Asset management, Central banking, Economics, Inflation, Market trends, Stock market, Trading, Trend following

The one force moving stock prices and what it tells us about the future

Back when I traded stocks in late 1990s, I got a gnawing suspicion that beyond the nonstop noise of the news flow, there was some force pushing the rising tide, but I couldn’t discern what it was. By today I think I worked it out. The most surprising thing about it is that it’s been so hard to work out.

Stocks are principally driven by money supply

The first time I encountered an explicitly formulated hypothesis that justified my suspicions was years later while I researched for my book, “Grand Deception.” The hypothesis, relating to Russian stocks, was articulated by Bill Browder, CEO of Hermitage Capital Management in his 2006 HedgeWeek interview: Continue reading

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Commodity price, Energy crisis, Market trends, Oil market

More bad news from Saudi Arabia

 

Over the years I’d highlighted the increasingly dubious status of Saudi Arabia as the world’s oil production powerhouse. This year we learned that their flagship oil field Ghawar produced much less than everyone knew, now courtesy of Bloomberg we find another disconcerting bit of information corroborating these doubts as the following chart illustrates:

SaudiCrudeStockPile

There can be little doubt that we are facing a grave and serious energy predicament going forward. Our economies and societies better begin preparing yesterday. Links to my research outlining the fundamental supply and demand conditions can be found here: Continue reading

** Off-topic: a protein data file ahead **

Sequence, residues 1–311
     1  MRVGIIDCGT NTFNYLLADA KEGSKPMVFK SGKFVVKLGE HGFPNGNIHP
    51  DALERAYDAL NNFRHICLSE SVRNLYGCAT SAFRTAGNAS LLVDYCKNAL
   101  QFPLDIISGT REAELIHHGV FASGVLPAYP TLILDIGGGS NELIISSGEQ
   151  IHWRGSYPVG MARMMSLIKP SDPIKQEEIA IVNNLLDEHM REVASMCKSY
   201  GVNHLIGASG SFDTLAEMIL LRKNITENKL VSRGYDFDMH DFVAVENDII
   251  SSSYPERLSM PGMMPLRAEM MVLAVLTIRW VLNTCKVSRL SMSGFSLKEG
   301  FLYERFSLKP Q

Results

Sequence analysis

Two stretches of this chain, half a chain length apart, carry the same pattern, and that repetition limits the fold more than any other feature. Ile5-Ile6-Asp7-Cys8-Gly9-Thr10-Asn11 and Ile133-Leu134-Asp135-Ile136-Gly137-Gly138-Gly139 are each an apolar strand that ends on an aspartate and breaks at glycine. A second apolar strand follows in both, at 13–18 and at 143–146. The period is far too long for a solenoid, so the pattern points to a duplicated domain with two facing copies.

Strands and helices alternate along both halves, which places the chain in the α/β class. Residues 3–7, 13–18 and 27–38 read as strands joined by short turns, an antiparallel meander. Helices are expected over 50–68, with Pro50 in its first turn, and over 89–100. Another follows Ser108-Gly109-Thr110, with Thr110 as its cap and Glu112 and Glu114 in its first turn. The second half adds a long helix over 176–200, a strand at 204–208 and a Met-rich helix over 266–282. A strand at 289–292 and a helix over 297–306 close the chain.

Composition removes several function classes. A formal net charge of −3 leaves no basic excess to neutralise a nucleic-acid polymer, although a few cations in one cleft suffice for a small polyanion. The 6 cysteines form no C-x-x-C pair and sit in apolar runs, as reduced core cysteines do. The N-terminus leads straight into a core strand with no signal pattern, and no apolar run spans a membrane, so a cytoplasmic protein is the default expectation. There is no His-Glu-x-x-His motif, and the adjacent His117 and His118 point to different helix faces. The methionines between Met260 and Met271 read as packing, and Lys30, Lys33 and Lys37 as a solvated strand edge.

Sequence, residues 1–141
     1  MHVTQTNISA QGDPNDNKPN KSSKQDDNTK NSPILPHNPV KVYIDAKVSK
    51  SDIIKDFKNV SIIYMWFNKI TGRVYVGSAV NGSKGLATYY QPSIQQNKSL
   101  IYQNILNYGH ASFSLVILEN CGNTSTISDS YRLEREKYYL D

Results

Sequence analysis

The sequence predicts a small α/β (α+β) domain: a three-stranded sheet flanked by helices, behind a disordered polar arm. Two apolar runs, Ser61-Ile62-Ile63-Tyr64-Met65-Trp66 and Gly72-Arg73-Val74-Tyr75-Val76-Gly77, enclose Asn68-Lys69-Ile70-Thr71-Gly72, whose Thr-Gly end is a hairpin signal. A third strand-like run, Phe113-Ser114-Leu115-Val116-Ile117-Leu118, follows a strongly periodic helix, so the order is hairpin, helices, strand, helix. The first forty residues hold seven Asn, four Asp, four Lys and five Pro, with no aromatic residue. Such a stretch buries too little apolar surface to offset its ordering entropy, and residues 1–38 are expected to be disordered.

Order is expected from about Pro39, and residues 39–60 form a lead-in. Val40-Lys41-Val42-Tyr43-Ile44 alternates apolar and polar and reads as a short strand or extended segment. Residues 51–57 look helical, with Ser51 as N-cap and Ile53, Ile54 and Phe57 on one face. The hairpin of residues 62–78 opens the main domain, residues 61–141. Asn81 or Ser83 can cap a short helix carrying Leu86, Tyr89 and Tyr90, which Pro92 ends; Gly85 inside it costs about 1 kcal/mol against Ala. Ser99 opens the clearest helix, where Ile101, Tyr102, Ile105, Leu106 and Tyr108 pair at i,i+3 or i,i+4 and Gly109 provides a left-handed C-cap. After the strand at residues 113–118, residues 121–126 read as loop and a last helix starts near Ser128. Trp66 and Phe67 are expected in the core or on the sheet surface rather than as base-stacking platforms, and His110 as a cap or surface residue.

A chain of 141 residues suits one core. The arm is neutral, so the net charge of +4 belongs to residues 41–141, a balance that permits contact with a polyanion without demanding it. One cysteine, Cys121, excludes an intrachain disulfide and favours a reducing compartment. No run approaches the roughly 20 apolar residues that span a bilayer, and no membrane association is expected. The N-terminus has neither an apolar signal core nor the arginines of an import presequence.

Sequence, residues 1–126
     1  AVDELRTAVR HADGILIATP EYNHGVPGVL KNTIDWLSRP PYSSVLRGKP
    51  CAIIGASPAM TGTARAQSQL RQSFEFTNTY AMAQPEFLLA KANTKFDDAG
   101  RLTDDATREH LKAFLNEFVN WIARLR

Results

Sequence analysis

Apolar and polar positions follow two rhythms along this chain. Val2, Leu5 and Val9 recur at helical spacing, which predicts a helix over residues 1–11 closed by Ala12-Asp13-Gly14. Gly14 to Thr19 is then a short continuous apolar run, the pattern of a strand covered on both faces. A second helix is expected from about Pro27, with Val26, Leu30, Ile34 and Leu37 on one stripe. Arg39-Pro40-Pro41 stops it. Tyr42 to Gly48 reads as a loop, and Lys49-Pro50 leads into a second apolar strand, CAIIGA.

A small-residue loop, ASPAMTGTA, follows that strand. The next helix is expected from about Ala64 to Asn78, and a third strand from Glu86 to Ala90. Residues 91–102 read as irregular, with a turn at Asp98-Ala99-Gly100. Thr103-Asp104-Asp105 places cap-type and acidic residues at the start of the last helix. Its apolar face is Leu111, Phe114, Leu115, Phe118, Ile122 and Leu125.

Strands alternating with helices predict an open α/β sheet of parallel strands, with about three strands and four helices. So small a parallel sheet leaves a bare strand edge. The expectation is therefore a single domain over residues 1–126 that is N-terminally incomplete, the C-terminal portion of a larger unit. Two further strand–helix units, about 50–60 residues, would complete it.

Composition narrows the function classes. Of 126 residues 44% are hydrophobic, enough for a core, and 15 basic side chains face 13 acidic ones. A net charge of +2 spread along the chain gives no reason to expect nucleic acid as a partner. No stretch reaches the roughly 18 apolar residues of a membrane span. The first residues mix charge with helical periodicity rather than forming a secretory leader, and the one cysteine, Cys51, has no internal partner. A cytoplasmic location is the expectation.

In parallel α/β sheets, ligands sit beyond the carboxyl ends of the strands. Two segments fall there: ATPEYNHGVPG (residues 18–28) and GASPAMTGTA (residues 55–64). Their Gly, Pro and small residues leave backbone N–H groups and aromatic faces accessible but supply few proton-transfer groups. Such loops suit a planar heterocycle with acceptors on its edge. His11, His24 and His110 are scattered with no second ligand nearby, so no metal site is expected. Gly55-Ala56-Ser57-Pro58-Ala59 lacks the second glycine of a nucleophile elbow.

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Commodity risk, Economics, Energy crisis, Market research, Oil market

The oil price shock: has it arrived?

Experts seldom expect surprises. In spite of the ever deepening economic and political uncertainties gripping most oil producing and oil consuming regions, most market experts surveyed last year predicted that oil price would fluctuate between $65 and $70 through 2023.

That forecast assumes that nothing unforeseen would happen over the next five years. Such an assumption, to put it politely,  is unjustified and the list of reasons is long and complex, and it can be neither ignored nor wished away. Over the recent months I’d written a handful of articles on the subject of the ‘coming oil price shock.’ Here are the last three: Continue reading

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Asset management, Commodity price, Market trends, Risk management, Trading, Trend following

How we knew yields would collapse?

While most market experts completely failed to predict this year’s collapse in interest rates (see the chart below), we traded the event profitably. In this article I summarize the the hows and the whys of our performance.

Experts_YieldsForecasts

How did we know to short US T-Notes starting in Q4 2017, then reverse and go long in November of 2018? Did we know interest rates would first rise, then collapse at the fastest rate in 50 years? Are we so brilliant as forecasters? Did we have insider information? The answer is, none of the above.

We did not know what would happen – but profited from the events anyway. Here’s how: Continue reading